By  on October 6, 2011

NEW YORK — Marimekko, the Finnish brand known for its colorful bold prints, today will unveil a 4,000-square-foot flagship at 200 Fifth Avenue here between 23rd and 24th Streets, across from Madison Square Park.

Outside the store, large beanbag chairs were casually arranged in a display for Wednesday’s private opening party. Passersby stopped to look, touch and even sit down and make themselves comfortable. It was all in keeping with Marimekko’s egalitarian philosophy. “It’s a very unhierarchical company,” said Mika Ihamuotila, president and chief executive officer. “Every morning we eat together the morning porridge. It’s the Scandinavian way. One of the first shirts we created, the tasaraita, which means even stripes, symbolized equality between men and women.”

Marimekko this year is celebrating its 60th anniversary with the theme “Why Not Together.”

Ihamuotila said Marimekko is “a brand that I don’t want to be in every corner” and discussed his aversion to advertising. “We don’t want to push,” he said. “We want people to find us.” It’s lucky then that the flagship is in the former Toy Building on a heavily trafficked block of the Flatiron District. Besides, with the flagship’s bursts of color and pattern from fabric print banners in the windows to bolts of iconic fabrics stacked on metal shelves, the store is hard to miss.

“We’re very strongly focused on the U.S.,” Ihamuotila said. “This store marks our strong willingness to conquer Americans’ hearts again.”

In the Fifties and Sixties, Marimekko had a strong presence in the U.S. When Jacqueline Kennedy wore several Marimekko dresses in 1961, there were those who said they helped John F. Kennedy win the election because they softened her image at a time when she was thought to be haughty. “For some reason, and I don’t know why, we became a very European company,” Ihamuotila said. “We kind of forgot the U.S. market for several decades. It could have been when the founder died in 1979. When she grew older, the company didn’t have the energy to go outside Europe.”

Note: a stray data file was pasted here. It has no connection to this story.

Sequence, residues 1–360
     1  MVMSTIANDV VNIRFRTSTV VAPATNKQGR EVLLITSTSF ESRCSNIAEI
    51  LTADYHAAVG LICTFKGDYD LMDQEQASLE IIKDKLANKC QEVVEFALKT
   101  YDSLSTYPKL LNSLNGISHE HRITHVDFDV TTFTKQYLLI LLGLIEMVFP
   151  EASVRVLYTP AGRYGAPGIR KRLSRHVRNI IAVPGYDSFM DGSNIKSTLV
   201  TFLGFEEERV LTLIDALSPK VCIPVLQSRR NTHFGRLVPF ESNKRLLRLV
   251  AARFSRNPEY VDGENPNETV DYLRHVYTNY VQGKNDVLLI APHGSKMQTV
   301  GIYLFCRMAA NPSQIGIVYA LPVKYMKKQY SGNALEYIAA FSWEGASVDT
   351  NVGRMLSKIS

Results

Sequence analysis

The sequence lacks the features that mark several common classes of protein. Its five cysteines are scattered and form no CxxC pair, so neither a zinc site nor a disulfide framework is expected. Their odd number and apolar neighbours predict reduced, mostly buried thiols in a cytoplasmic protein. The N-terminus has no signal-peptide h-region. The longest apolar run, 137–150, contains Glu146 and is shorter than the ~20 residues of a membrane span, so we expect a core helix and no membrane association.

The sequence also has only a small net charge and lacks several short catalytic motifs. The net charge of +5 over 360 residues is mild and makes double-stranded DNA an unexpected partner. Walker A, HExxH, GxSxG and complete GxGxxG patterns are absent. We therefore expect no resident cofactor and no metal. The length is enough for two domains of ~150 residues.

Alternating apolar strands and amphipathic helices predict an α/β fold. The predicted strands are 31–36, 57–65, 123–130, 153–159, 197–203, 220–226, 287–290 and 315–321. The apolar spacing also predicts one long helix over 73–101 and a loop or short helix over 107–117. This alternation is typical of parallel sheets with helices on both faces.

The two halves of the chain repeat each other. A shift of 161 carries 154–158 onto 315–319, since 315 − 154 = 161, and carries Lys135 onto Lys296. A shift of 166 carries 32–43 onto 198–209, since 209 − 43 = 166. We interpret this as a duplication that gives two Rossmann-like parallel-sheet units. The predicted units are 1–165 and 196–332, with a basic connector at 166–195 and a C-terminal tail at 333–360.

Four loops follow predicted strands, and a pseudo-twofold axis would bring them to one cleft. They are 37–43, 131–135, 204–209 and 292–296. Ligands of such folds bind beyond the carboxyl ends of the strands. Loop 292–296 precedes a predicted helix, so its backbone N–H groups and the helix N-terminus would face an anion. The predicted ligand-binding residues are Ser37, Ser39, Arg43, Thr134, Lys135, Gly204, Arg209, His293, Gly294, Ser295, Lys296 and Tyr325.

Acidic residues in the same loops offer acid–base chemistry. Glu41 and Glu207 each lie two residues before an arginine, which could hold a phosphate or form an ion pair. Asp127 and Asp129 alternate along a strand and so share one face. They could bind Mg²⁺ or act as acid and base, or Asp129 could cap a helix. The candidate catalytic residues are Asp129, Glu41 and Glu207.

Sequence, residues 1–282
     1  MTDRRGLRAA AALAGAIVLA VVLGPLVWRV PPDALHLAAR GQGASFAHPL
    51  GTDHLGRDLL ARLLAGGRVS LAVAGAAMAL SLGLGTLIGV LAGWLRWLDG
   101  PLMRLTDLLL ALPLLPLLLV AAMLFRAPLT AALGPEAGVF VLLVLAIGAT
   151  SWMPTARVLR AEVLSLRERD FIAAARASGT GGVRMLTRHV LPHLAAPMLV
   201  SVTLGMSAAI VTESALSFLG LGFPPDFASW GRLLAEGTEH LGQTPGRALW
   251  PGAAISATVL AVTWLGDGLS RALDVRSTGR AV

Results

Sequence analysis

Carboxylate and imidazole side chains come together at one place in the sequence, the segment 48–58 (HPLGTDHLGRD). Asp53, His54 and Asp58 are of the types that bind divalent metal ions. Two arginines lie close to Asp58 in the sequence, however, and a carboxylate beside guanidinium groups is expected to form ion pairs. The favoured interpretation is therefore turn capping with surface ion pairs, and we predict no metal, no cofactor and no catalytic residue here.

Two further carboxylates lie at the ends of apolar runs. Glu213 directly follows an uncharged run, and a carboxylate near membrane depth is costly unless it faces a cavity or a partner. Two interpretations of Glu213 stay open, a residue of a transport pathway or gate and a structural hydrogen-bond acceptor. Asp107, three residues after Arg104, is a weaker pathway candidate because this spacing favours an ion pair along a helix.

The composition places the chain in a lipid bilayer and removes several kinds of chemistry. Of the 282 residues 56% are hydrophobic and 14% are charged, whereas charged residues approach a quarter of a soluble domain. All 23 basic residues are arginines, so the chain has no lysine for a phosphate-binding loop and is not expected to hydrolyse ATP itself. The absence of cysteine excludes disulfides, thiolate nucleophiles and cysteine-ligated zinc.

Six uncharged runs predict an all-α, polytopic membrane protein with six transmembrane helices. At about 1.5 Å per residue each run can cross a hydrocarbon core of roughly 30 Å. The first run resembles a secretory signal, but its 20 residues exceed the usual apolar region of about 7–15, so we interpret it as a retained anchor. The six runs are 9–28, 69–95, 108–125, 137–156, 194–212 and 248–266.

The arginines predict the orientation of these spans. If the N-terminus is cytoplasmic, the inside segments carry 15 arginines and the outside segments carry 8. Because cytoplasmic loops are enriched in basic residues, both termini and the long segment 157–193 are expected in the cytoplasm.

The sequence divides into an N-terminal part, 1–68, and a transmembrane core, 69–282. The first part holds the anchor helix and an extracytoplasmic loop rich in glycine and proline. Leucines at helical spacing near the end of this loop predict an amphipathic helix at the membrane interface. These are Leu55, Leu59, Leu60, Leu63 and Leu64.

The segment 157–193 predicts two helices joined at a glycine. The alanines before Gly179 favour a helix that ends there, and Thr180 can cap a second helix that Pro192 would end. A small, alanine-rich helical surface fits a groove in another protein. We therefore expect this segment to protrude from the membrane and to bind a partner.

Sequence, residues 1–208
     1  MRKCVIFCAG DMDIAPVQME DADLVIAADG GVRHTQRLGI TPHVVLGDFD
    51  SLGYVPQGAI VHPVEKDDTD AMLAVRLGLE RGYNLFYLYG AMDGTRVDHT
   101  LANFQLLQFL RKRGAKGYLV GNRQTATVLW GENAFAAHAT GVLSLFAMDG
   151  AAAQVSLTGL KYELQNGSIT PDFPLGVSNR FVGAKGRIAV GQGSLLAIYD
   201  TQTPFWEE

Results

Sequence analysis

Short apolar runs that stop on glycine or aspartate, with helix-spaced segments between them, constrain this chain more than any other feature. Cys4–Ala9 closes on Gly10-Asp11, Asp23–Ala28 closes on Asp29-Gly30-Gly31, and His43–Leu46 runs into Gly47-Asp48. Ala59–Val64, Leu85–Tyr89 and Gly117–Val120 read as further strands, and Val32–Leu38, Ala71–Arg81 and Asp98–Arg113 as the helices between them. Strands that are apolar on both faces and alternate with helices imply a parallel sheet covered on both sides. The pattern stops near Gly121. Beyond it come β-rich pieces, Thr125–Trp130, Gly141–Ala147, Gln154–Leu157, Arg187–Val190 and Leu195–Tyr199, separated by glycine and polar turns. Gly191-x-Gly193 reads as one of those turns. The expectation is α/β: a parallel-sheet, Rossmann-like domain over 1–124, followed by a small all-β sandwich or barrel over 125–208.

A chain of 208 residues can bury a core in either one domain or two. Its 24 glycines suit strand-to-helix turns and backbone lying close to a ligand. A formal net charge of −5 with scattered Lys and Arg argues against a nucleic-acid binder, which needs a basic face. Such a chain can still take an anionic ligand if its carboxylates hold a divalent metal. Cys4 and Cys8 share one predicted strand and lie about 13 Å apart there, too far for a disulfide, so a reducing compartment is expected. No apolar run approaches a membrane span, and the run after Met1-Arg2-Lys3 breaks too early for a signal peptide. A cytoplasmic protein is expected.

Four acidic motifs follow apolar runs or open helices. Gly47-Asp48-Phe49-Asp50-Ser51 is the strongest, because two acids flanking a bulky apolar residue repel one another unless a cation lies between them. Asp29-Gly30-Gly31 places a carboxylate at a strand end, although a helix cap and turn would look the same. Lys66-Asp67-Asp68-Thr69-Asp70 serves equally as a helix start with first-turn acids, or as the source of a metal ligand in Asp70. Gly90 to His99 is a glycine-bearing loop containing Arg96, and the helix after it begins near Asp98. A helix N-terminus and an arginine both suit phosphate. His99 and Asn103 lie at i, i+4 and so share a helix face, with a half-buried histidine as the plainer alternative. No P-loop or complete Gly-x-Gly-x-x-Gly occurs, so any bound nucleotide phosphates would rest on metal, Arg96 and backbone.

Marimekko has concept stores on Third Avenue here, and in Cambridge, Mass. There are six shops within Crate & Barrel stores and an agreement to open 23 by the end of 2013. Ihamuotila is open to striking up partnerships with other retailers but said space is key. Marimekko’s Crate & Barrel shops average 1,700 square feet.

The flagship was designed by IMA, the Japanese architectural firm, in cooperation with Marimekko’s own store design team. Exposed pipes, whitewashed brick walls and oak planks give the flagship an authentic feel. Apparel hangs on 10-foot white wires suspended from the ceiling. It’s the only U.S. store where the world of Marimekko products will be displayed. That includes clothing, bags, jewelry and other accessories, furnishings, fabrics and tableware. In the back of the store, four beds stacked vertically recall “The Princess and the Pea” fairy tale, each with a profusion of Marimekko’s fluffy comforters.

Ihamuotila said he’d like to open stores in Los Angeles and San Francisco. There could also be room for more units in Manhattan. In three days of the soft opening, sales overwhelmingly exceeded expectations, he said.

And there are other ways to raise Marimekko’s profile. In two weeks, Marimekko will stage a runway show in Tokyo of its spring collection. “We thought we could do a fashion show in Madison Square Park in September,” Ihamuotila said, noting that construction issues delayed the store opening. “We’ll do it in 2012 for spring or autumn.”

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